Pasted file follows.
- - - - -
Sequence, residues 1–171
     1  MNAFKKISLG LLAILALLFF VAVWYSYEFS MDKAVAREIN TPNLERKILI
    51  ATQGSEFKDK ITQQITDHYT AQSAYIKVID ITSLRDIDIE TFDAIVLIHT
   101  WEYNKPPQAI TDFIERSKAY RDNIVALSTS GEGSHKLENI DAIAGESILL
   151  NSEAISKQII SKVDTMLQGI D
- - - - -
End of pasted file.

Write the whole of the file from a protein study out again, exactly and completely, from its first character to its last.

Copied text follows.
Sequence, residues 1–171
     1  MNAFKKISLG LLAILALLFF VAVWYSYEFS MDKAVAREIN TPNLERKILI
    51  ATQGSEFKDK ITQQITDHYT AQSAYIKVID ITSLRDIDIE TFDAIVLIHT
   101  WEYNKPPQAI TDFIERSKAY RDNIVALSTS GEGSHKLENI DAIAGESILL
   151  NSEAISKQII SKVDTMLQGI D